1 cup shredded Italian cheese blend
1 cup shredded or grated parmesan cheese
Pre-made pizza dough

DIRECTIONS

  1. Preheat the oven to 350 degrees F. Grease a 9-10 inch springform pan, or a 9 inch deep-dish pie pan. If using a springform pan, wrap the outside in foil to avoid leakage.
  2. Place a large pot of salted water over high heat to boil. In a separate saucepot, add the ground beef, sausage, onions, and garlic. Brown the meat over medium heat for about 5 minutes, breaking into small pieces with a wooden spoon. Once the meat is cooked and the onions have softened, add the crushed tomatoes, tomato paste, Italian seasoning, and 1teaspoon salt. Stir and simmer on low.
  3. Once the water is boiling, add the pasta and cook according to the package instructions, usually 6-9 minutes. Drain the cooked pasta.
  4. Separate out 2 cups of meat sauce and set aside. Add the cooked pasta to the remaining pot of meat sauce. Stir well to coat the pasta. Beat the eggs, then stir them into the spaghetti. Stir in the parmesan cheese
  5. Roll out ¾ of the pizza dough and lay on the bottom of the prepared pan. Bake for 5-9 minutes (until it starts to brown). Remove from oven.
  6. Pour the spaghetti into the prepared pan on top of the crust. Press down to pack the pasta in the pan.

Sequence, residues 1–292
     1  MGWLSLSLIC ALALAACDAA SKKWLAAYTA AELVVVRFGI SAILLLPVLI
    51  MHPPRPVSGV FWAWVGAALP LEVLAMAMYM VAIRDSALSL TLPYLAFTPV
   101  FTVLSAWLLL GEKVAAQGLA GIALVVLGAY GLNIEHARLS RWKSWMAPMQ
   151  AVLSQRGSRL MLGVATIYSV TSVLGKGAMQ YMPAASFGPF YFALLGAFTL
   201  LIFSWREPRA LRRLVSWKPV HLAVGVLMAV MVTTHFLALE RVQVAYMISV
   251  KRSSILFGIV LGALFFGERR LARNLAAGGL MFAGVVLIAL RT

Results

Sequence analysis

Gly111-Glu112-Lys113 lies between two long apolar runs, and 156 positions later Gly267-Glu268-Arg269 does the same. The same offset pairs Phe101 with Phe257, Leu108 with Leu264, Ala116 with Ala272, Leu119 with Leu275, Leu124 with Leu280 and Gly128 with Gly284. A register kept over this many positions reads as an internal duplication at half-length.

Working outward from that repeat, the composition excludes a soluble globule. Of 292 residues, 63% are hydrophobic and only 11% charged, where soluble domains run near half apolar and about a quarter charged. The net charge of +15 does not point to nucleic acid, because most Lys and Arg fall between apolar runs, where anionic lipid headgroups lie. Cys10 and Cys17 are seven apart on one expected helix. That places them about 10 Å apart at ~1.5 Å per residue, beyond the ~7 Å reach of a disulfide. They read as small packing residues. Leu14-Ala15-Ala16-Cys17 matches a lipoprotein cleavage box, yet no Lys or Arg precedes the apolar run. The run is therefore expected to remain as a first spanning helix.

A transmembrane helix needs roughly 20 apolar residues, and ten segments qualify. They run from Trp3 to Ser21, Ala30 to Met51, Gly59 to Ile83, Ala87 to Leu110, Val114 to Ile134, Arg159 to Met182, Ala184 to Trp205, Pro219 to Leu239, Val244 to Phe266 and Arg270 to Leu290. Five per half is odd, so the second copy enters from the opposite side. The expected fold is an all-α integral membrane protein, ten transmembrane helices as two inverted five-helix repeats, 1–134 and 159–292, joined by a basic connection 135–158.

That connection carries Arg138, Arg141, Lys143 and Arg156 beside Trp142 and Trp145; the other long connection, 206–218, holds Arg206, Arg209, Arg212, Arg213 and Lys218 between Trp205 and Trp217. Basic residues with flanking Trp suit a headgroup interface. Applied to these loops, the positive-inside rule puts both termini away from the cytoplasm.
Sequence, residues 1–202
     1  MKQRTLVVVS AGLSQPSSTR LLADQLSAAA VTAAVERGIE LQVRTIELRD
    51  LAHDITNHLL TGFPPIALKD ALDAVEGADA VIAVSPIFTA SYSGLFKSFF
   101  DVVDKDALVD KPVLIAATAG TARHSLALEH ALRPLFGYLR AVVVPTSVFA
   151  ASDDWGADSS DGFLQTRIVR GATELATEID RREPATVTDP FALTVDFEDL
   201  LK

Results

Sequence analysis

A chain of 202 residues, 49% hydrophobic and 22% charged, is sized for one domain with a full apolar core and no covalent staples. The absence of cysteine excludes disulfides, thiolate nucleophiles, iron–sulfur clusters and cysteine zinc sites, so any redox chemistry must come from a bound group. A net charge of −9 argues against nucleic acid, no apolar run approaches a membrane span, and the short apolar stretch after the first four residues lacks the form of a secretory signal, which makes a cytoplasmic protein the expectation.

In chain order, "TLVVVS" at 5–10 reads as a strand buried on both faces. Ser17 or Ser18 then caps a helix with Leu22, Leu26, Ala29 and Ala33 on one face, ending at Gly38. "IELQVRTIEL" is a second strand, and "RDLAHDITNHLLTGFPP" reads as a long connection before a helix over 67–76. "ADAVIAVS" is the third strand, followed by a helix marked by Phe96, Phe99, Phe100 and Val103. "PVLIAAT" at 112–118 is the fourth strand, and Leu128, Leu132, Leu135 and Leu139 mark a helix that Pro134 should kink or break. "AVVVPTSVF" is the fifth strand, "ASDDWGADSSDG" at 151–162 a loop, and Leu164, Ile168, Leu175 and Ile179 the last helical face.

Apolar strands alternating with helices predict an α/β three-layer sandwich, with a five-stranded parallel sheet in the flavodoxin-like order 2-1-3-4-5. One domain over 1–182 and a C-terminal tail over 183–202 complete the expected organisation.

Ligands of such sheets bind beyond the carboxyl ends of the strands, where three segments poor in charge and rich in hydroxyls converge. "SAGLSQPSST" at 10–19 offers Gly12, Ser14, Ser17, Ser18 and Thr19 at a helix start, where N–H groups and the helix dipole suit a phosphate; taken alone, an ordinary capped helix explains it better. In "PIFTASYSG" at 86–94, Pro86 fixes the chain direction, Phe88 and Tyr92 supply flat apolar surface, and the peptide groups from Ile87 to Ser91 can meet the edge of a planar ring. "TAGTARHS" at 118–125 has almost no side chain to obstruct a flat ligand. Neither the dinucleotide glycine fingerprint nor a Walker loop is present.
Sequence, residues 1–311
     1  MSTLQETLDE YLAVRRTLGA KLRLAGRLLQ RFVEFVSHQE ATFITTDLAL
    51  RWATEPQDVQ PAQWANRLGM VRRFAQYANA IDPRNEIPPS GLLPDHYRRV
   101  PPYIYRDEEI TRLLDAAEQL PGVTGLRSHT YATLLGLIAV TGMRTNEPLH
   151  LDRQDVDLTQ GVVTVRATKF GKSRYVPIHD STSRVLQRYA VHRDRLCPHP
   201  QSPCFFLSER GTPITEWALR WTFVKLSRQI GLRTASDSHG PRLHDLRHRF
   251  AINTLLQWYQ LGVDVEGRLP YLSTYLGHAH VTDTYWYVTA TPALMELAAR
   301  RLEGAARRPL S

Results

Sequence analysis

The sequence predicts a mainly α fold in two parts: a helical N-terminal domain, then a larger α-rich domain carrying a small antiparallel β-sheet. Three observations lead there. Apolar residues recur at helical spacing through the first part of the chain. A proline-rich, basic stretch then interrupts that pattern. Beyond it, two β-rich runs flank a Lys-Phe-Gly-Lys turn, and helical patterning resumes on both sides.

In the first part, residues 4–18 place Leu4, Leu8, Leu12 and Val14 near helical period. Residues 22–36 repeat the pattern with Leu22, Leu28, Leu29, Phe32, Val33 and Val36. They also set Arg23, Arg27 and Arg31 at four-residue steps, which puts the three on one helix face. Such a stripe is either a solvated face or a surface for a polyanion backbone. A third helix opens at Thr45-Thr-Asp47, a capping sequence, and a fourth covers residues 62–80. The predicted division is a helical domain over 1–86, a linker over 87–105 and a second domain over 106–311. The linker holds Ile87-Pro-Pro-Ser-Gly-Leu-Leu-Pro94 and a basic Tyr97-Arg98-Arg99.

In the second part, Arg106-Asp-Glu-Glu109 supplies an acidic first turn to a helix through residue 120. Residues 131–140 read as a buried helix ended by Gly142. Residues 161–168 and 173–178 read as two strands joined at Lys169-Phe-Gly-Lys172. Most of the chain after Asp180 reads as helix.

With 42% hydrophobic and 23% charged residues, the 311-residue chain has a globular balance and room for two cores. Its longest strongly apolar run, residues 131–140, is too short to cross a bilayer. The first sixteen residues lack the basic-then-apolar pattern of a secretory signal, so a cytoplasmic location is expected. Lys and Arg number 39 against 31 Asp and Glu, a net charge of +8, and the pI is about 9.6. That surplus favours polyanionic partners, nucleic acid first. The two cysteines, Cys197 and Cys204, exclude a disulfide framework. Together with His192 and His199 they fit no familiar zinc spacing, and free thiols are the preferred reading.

7. Pour the remaining meat sauce over the top of the pie. Sprinkle shredded cheese over the top. Cut the remaining pizza dough into 1” strips and make a lattice pattern on top of the cheese. Brush lightly with melted butter (optional).
  8. Bake for 15-25 minutes until the edges are crispy. Cool for at least 5 minutes before cutting and serving.

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Chicken Pot Pie
Submitted by Shawn Nesaw
INGREDIENTS
1 box of two refrigerated pie crusts
1/3 cup butter
1/3 cup chopped onion
1/3 cup whole grain flour
1 1/4 cups chicken broth
1/2 cup milk
1 diced chicken breast (cooked)
2 cups frozen mixed vegetables (thawed)

DIRECTIONS

  1. Heat oven to 375°F. Make pie crusts as directed on box for two-crust pie using a 9-inch glass pie pan.